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April 14, 2020

Isentia Conversations: with Rochelle Courtenay from Share the Dignity

In our third edition of Isentia Conversations: Communicating through Change, we chat with Rochelle Courtenay, the Founder and Managing Director of Share the Dignity. Rochelle talks to us about how she stays connected with over 6,000 volunteers across Australia and how she motivates those teams to work to end period poverty.

Isentia’s Insights Director, Ngaire Crawford also shares some of the trends seen across social and traditional media about home not always being the safest place for some people, and how social communities can help combat this.

Because many of us are working from home, we saw this webinar series as an opportunity to connect with each other, learn from subject matter experts and hear their stories, as we adapt to a new way of working.

Ngaire Crawford from Isentia talks feeling safe and secure at home

4:55 – Although most of us are now working from home, home isn’t always the safest place for everybody.

5:25 – The main topics currently reported on mainstream media:

  1. The increase in family violence – a topic that has been present since the lockdowns in Australia and New Zealand.
  2. Connectivity and education – there is concern about people not having access to the right equipment or  not having good enough internet connectivity for homeschooling.
  3. Poverty during lockdown – there are restrictions in place to stay at home and access to food more controlled than ever before. Food specials are a thing of the past and fresh food may be more difficult to get.

8:55 – Within ANZ, data shows people are searching online about the rules for lockdown. What are they? Are they doing the right thing? What are the policies?

9:10 – On social media, people are reaching out and using their social channels to create connection, to remind everyone to check in on people and be a source of safety. During March, references to being scared and feeling unsafe more than doubled across ANZ.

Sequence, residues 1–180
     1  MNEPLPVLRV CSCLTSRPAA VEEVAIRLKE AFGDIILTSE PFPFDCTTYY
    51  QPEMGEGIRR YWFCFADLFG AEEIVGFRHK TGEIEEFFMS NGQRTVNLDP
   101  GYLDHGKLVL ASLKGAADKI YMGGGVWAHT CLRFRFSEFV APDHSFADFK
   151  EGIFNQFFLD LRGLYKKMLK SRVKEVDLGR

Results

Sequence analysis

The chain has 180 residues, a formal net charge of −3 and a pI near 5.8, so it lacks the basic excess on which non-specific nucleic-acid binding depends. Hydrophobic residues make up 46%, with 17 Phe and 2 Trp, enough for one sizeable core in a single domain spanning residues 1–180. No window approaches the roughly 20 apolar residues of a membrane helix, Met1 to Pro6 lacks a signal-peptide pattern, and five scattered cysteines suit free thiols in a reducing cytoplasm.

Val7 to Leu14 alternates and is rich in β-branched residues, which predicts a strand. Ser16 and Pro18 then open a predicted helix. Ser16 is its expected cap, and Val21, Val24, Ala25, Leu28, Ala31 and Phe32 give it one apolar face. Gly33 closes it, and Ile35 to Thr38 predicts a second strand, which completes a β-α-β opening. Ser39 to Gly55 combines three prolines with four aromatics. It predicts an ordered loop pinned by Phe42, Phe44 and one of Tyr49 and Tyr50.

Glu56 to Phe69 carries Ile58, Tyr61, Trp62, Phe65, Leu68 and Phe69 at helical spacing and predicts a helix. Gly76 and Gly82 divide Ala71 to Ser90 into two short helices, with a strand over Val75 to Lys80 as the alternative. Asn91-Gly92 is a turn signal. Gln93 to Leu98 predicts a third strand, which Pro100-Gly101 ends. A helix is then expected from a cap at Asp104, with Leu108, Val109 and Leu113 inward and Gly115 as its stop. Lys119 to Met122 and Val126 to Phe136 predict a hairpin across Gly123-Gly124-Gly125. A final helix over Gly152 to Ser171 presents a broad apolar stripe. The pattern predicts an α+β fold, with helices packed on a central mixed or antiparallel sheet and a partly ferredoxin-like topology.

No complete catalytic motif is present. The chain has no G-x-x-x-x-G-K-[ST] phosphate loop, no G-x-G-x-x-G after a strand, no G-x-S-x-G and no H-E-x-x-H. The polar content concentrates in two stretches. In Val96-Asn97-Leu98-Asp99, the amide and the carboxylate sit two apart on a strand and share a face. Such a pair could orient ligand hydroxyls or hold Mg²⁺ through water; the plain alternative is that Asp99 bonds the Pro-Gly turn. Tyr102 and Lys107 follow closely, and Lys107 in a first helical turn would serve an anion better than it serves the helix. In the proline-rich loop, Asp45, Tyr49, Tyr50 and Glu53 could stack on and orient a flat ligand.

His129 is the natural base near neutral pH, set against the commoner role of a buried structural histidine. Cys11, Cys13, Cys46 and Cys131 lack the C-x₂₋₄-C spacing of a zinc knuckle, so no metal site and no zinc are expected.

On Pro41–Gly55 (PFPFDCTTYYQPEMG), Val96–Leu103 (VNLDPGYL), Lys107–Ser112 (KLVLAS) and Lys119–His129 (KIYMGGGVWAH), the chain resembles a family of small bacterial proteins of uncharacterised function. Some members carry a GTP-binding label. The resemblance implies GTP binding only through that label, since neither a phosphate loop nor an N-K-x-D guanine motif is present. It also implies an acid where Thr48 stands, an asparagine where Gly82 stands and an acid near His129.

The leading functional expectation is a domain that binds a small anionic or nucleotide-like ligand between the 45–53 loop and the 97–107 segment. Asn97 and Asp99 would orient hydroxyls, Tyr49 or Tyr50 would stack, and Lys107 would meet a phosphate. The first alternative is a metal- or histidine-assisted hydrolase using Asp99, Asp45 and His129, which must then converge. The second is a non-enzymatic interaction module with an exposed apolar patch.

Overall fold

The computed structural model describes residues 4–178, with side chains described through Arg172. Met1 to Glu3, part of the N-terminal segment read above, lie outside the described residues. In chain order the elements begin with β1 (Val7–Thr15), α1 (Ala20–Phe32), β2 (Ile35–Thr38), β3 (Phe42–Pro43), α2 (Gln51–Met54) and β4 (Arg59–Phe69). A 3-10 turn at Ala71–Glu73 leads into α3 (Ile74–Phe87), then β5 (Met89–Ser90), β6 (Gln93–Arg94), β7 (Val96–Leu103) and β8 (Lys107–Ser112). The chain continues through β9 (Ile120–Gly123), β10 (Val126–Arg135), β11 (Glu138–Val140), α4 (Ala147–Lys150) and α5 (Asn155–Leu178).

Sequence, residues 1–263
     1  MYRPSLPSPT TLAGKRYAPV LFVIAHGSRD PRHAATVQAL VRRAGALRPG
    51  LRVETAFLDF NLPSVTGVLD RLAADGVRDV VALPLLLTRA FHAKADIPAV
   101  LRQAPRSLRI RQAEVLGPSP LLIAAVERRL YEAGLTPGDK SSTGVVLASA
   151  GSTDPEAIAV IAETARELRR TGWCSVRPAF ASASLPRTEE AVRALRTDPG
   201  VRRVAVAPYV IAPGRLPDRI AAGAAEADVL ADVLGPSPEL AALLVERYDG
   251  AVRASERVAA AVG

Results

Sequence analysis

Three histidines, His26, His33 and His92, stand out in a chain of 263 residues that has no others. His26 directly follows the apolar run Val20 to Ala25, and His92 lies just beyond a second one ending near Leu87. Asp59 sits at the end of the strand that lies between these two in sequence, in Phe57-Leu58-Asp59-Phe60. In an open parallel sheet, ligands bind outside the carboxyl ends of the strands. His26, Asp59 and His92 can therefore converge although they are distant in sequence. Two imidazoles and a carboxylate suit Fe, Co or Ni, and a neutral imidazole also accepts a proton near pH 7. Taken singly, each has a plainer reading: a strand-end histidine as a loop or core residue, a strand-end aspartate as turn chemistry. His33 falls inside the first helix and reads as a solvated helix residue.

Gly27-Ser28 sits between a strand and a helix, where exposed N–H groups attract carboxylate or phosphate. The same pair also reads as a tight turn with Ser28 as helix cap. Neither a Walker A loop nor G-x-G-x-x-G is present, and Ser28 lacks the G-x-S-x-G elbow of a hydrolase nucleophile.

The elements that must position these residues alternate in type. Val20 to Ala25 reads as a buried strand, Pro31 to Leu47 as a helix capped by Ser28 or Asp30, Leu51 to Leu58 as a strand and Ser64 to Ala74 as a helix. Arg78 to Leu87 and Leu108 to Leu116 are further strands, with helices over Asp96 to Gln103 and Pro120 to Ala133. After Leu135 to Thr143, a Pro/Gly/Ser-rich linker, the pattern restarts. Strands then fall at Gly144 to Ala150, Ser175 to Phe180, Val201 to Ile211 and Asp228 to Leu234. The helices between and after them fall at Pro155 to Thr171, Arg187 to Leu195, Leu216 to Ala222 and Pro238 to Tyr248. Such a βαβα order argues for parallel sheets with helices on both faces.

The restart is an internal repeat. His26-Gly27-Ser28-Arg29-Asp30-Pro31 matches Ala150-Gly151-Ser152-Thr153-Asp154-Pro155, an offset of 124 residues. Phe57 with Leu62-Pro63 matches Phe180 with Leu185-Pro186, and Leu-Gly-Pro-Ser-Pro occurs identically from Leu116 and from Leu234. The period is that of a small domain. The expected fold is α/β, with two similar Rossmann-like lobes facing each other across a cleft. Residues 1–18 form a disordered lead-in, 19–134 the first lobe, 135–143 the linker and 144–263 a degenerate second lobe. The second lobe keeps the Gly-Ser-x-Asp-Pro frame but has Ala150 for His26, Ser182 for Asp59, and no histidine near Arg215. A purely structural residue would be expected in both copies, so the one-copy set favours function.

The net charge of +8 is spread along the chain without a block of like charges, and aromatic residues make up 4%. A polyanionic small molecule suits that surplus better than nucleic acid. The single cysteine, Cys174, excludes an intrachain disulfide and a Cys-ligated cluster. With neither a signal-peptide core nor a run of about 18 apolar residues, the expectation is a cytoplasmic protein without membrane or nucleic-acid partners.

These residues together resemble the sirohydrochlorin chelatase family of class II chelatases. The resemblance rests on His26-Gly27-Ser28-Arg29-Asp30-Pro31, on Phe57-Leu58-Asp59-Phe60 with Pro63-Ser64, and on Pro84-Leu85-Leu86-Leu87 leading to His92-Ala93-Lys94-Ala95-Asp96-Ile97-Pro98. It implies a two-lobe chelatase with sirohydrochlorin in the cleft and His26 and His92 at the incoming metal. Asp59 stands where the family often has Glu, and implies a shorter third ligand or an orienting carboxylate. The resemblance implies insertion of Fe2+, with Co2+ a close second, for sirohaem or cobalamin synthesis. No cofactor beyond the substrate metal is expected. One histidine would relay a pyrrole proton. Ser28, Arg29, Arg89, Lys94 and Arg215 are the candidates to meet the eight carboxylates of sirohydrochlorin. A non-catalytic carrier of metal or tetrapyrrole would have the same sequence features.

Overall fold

Cluster topics driven by COVID-19 for feeling unsafe included: Rates, self-isolation, stress and mental health. 

Cluster topics driven by COVID-19 for feeling scared included: Government, kids, workers, rent, supermarket, police, trust and social media. 

10:15 – It’s important to see the good in social media right now – it’s the greatest facilitator of social connection. Not only can people reach out to others directly, toxic people and unhelpful communication can be called out very quickly. Always use your common sense when using social media, check your sources and investigate claims before relying on them.

13:13 – The importance of community

  • Communicating with your social media audiences and communities is valuable during this time. 
  • See the good that people are doing as well as the innovation.
  • Listen to your audience and ask for feedback. We’re all in our homes and more conversational than ever.
  • Be genuine and authentic when talking to your audience, if you look as though you are doing the right thing, then people will be on board. 
  • Follow on social media those affected most from lockdown and watch what they are doing and how they’ve adapted their businesses.
  • Watch cancel culture on Twitter, understand what’s driving people to call out brands and public figures on social media.

Rochelle Courtenay from Share the Dignity talks staying connected and keeping your teams motivated

15:45 – For the past five years, Rochelle has also been known as the ‘Pad Lady’. Share the Dignity was created after Rochelle read about the high number of Australian homeless women who didn’t have access to essential sanitary items. 

Twice a year, she drives two collections for sanitary items and runs the ‘It’s in the bag’ campaign each December. For this initiative, every day Australians are asked to fill a bag with essential items including toothbrushes, toothpaste, sanitary items, shampoo, conditioner, deodorant and soap. For a woman who is fleeing domestic violence, it may have been weeks since she has brushed her teeth, so these basic items are essential for these women in need.